Caren Frosch

Caren Frosch

Research Interests

My research falls into two broad categories. The first examines the cognitive processes involved in causal and counterfactual thinking in children and adults, and the second is focused on fast and frugal heuristics in judgment and decision making. In collaboration with Teresa McCormack and David Lagnado I am currently examining time and intervention in children’s and adult’s causal structure judgments.


Caren Frosch
Research Fellow
Cognitive, Perceptual, and Brain Sciences Department
26, Bedford Way, London WC1H 0AP, UK
University College London, UK
E-mail: c.frosch [at]


Frosch, C.A., McCormack, T., Lagnado, D.A., & Burns, P. (In Press - Cognitive Science). Temporal influences on causal structure judgments.

McCormack, T., Frosch, C.A., & Burns, P. (In Press). The relationship between children’s causal and counterfactual judgments. In C. Hoerl, T. McCormack, & S. R. Beck (Eds.), Understanding counterfactuals, understanding causation: Issues in Philosophy and Psychology. Oxford, England: Oxford University Press.

Frosch, C. A. & Johnson-Laird, P. N. (2011). Is everyday causation deterministic or probabilistic? Acta Psychologica. 137, 280 – 291.

Beaman, C.P., Smith, P. T., Frosch, C.A., & McCloy, R. (2010). Less-is-more effects without the recognition heuristic. Judgment and Decision Making, 5, 258–271.

McCloy, R., Beaman, C.P., Frosch, C.A., & Goddard, K. (2010). Fast and frugal framing effects. Journal of Experimental Psychology: Learning, Memory and Cognition. 36(4), 1043-1052.

Frosch, C.A., Beaman, C.P. & McCloy, R. (2007). A little learning is a dangerous thing: An experimental demonstration of ignorance-driven inference. The Quarterly Journal of Experimental Psychology, 6(10), 1329 – 1336.

Work in Progress

Frosch, C.A., Egan, S.M., & Hancock, E. (Under Review). Why counterfactual thoughts focus on enablers.

Frosch, C.A., McCormack, T., & Lagnado, D.A. (Under Review). Are causal structure and intervention judgements inextricably linked?

Frosch, C.A., McCloy, R, Beaman, C.P., & Goddard, K. (In Revision). Time to decide: Frugality vs. congruity in comparative judgment.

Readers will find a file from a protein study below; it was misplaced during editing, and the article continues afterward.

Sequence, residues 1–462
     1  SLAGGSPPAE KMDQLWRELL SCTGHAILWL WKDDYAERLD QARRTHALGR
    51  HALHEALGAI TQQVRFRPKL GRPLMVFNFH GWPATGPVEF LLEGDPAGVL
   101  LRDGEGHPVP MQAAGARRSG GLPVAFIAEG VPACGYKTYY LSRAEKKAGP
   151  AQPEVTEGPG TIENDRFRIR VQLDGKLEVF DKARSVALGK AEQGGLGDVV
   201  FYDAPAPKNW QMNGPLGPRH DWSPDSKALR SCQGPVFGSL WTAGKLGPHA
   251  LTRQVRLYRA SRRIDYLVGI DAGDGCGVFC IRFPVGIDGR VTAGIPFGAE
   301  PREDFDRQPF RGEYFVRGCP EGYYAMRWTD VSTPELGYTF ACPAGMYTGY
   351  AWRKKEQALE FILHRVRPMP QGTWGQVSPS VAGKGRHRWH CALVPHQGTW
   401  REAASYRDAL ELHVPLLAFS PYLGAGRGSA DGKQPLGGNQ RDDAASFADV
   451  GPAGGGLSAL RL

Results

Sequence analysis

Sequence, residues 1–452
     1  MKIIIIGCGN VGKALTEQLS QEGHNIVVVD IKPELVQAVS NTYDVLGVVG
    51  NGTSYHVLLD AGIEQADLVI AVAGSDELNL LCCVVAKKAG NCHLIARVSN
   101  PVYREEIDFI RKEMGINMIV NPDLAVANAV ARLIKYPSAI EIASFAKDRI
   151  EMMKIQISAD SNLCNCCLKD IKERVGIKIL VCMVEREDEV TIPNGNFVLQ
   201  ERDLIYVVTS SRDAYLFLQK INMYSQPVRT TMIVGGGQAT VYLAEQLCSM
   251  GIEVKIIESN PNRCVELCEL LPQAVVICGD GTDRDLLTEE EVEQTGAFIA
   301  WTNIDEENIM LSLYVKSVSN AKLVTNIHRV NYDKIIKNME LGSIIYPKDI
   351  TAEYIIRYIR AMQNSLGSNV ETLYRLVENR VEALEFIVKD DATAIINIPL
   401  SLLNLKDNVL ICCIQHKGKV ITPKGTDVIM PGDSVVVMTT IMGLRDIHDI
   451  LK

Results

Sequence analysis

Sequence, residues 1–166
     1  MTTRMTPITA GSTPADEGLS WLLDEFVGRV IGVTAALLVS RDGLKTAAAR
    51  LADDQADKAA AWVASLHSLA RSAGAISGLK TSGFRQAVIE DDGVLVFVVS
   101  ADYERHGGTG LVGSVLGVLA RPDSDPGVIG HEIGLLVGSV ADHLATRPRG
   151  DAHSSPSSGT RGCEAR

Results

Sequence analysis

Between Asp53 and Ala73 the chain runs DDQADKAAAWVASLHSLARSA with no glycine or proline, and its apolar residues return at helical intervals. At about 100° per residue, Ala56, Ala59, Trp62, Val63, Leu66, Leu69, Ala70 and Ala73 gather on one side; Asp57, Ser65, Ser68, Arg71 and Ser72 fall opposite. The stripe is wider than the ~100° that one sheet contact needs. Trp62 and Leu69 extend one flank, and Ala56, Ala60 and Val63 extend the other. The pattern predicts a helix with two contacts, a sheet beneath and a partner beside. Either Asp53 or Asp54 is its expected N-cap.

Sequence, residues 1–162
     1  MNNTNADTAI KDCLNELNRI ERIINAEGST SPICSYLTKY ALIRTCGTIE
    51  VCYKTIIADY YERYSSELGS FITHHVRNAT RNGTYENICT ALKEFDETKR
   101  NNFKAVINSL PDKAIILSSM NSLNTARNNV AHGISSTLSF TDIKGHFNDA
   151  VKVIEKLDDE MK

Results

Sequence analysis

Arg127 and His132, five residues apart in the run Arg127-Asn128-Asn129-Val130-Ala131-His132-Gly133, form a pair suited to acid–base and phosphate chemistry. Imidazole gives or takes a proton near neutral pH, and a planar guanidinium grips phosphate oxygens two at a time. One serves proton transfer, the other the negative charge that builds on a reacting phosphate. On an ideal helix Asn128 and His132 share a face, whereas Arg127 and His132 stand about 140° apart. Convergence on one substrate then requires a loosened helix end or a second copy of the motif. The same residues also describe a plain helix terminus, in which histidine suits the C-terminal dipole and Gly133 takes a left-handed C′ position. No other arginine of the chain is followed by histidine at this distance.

Frosch, C.A. & Byrne, R.M.J. (In Revision). Indicative and counterfactual causal conditionals.

Frosch, C.A., Cowley, M. & Johnson-Laird, P.N. (In Revision). Causes, enablers and the law.

Beaman, C.P., Smith, P.T., & Frosch, C.A. (In Preparation). Estimating the use of recognition and other knowledge in multi-alternative judgments.

Peer-reviewed Conference Proceedings

Frosch, C.A., & Johnson-Laird, P.N. (2009). Is causation probabilistic? In N. Taatgen, H. van Rijn, L. Schomaker & J. Nerbonne (Eds.), Proceedings of the 31st Annual Conference of the Cognitive Science Society (pp. 195-200). Austin, TX: Cognitive Science Society.

Egan, S.M., Frosch, C.A., & Hancock, E. (2008). Thinking counterfactually – how controllability affects the ‘undoing’ of causes and enablers. In B. C. Love, K. McRae, & V. M. Sloutsky (Eds.), Proceedings of the 30th Annual Conference of the Cognitive Science Society (pp. 1152-1157). Austin, TX: Cognitive Science Society.

Frosch, C.A., Beaman, C.P., & McCloy, R. (2007). The Price of Fame: Do Celebrities always appear equally rich? In D. S. McNamara & J. G. Trafton (Eds.), Proceedings of the 29th Annual Conference of the Cognitive Science Society (pp. 1001-1005). Austin, TX: Cognitive Science Society.

Frosch, C.A., & Johnson-Laird, P.N. (2006). The revision of beliefs about causes and enabling conditions. In R. Sun (Ed.). Proceedings of the 28th Annual Conference of the Cognitive Science Society (pp. 1329-1333). Mahwah, NJ: Erlbaum.

External Funding

Frosch, C.A. (2008-2009). Postdoctoral Research Fellowship – Cognitive processes in causal and counterfactual thinking. Economic and Social Research Council, £100k for 15 months.